I don't understand why you think you'll fall behind. You are required to take atleast a couple electives before you graduate, and it will probably be beneficial to you to take some easier classes now while you learn some study skills and get settled in at your school. It sounds to me like you breezed through high school and are realizing the same strategy isn't going to work at a university. And to be brutally honest, pre-calculus is not a difficult class compared to the 3000 and 4000 level classes you'll be taking later on.

I strongly suggest you take time now to explore your options.

As for psychology/pschyiatry, there is a big distinction. Psychiatrists take 4 years medical school and must complete a 4 year residency. They are licensed medical doctors and can prescribe medication. They also make a lot more money than psychologists. If this sounds like what you want to do, I would stick with BioChemistry. It is a much more reputable degree than psychology and will do a lot more to prepare you for medical school.

On the other hand, and I'm assuming you're having visions of chilling with a clipboard and listening to people whine about their problems, there is clinical psychology. You would major in Psychology (bad news in my opinion, if for whatever reason you don't go on to graduate school a psych major by itself is pretty worthless) and then need to get a PhD or PsyD.


Interior crocodile alligator.


I took botany and aced it without trying because I found it interesting, and the tests were easy lol. Some of my friends studied and took notes but hated it and failed.


Major in what you enjoy doing, as long as it has some value in the job market. It is up to you to find where you stand as far as how much the $$ is worth it to you.


Alright guys, I think I was kind of confused on the difference between psychology and pschyiatry. I think regardless, I'm going to keep my Biochem major, as even though I'm uninterested now, the classes I'll take later dealing with metabolism and things of that nature I know I enjoy. The comment on me sliding through high school was spot on, but I knew coming into college I'd have to work harder. I've done that though, I just think that my weakest link has always been math.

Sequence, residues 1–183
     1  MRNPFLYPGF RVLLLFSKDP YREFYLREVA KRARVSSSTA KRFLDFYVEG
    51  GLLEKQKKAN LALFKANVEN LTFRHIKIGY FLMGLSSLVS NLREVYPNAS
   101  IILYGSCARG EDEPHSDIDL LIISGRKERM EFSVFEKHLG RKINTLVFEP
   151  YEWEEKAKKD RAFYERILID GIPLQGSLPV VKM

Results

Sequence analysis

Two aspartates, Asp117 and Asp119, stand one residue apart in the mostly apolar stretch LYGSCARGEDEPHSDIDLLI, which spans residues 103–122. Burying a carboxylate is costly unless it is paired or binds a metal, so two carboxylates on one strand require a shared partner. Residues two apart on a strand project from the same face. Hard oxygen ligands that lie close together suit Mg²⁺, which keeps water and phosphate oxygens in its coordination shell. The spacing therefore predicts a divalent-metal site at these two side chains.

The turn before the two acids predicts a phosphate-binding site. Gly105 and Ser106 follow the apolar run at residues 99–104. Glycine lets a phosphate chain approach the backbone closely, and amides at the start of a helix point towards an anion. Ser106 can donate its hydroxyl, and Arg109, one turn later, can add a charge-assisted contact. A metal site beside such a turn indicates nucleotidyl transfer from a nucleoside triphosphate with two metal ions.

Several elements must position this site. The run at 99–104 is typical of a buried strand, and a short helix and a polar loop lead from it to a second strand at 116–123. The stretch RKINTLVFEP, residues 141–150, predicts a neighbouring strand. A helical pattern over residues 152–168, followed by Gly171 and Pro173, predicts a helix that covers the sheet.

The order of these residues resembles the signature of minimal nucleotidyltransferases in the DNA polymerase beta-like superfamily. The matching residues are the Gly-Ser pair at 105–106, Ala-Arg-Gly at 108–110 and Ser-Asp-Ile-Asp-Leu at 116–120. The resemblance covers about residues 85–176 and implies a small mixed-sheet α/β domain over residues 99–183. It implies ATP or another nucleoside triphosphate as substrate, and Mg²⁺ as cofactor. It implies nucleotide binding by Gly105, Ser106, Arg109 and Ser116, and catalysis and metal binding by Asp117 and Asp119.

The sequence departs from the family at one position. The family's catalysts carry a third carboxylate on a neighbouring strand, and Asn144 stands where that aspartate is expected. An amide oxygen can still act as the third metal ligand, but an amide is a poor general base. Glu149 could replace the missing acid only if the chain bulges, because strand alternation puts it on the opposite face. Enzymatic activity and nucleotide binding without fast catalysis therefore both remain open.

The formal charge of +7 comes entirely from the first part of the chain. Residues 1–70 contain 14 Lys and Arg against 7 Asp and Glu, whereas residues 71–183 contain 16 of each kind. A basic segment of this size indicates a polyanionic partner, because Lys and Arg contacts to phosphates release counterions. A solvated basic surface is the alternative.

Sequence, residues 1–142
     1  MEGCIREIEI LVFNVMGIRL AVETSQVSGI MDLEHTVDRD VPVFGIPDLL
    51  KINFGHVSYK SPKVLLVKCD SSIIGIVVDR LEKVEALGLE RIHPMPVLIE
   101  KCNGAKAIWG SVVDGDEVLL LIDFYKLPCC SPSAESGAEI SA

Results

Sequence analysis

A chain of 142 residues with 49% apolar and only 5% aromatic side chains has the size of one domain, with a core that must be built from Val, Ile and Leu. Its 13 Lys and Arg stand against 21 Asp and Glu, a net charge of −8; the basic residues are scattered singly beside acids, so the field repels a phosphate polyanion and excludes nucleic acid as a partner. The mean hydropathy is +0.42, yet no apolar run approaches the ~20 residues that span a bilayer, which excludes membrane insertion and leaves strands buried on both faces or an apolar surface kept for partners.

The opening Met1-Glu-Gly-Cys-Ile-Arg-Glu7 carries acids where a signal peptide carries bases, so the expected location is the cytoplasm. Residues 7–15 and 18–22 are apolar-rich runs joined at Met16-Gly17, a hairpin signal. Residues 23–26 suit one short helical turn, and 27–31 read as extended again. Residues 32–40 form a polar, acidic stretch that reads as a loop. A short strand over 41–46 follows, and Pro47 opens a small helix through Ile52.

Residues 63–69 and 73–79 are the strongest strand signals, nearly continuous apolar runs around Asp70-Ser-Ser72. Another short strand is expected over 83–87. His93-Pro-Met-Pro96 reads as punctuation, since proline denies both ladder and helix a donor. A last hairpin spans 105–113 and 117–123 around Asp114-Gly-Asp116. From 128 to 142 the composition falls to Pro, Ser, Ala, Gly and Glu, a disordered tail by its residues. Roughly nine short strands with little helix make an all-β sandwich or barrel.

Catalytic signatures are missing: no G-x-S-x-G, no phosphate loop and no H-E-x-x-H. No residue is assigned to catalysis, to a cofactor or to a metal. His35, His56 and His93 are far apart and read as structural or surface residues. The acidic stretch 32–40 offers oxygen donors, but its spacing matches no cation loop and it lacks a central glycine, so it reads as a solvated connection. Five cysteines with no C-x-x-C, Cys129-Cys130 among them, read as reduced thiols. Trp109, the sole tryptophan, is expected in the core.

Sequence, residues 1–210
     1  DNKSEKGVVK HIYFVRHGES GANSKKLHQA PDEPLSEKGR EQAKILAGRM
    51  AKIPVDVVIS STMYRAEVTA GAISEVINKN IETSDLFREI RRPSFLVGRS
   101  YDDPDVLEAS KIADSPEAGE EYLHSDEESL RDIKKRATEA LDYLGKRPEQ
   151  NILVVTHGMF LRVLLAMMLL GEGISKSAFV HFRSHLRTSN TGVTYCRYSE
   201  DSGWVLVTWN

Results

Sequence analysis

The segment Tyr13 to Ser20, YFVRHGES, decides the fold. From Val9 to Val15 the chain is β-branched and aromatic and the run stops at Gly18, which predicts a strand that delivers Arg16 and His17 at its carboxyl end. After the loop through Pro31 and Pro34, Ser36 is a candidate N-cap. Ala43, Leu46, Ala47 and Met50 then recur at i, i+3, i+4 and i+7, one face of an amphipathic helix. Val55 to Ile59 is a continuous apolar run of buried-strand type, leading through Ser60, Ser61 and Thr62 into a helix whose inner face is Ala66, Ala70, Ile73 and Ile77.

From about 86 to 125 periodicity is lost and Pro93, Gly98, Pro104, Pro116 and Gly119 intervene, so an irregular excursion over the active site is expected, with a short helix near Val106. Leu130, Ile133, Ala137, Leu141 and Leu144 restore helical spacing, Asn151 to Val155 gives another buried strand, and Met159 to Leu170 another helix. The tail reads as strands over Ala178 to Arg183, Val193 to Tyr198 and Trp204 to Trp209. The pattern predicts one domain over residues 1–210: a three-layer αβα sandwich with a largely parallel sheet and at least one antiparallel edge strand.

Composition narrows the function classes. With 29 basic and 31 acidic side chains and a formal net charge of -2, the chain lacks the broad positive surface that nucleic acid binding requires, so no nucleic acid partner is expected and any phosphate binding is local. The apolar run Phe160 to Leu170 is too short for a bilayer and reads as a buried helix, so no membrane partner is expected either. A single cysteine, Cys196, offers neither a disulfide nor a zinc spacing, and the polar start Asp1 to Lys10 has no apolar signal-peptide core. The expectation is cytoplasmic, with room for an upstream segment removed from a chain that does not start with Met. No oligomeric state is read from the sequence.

I have to put blame on myself mostly, but I have found out from some upper classmen that my current Trig teacher is notoriously tough and until about 3 years ago taught strictly high level calculas to math majors, so apparetly he's not for everyone. lol. But I think I'll stay in Biochem, and later on decide if maybe pschyiatry is route I'd want to go into as opposed to dentistry.

Another question, however, has anyone went down a similiar route? like gotten a Biochem degree, or maybe went into dentistry?? just curious on what thier experiences are...


Point of reference: All you need to get into medical school (I imagine it's similar for dental school) is your pre-reqs and the admissions test (DAT for dental school and MCAT for med school).

The Biology degree I took at my University to fulfill the pre-reqs included some of the most mind-numblingly boring shit, ever (plants, lame).

I'm in my application cycle for med school right now and I can tell you I probably wouldn't have done the bio major thing if I had to do it again. I would have taken my pre-reqs, an easy major, some upper level bio that's actually applicable to medicine (parasitology, neuro, endo) and smashed the MCAT(I did fine, but I could have used more time to study).

You have to walk a fine line between looking like you challenged yourself in school and still maintaining the GPA.

If you interested in almost any health related field check out these forums, huge wealth of knowledge:


If you decide to keep your major just make sure you get through some of your classes, you have a lot of other opportunities to raise your GPA with stuff you're more interested in.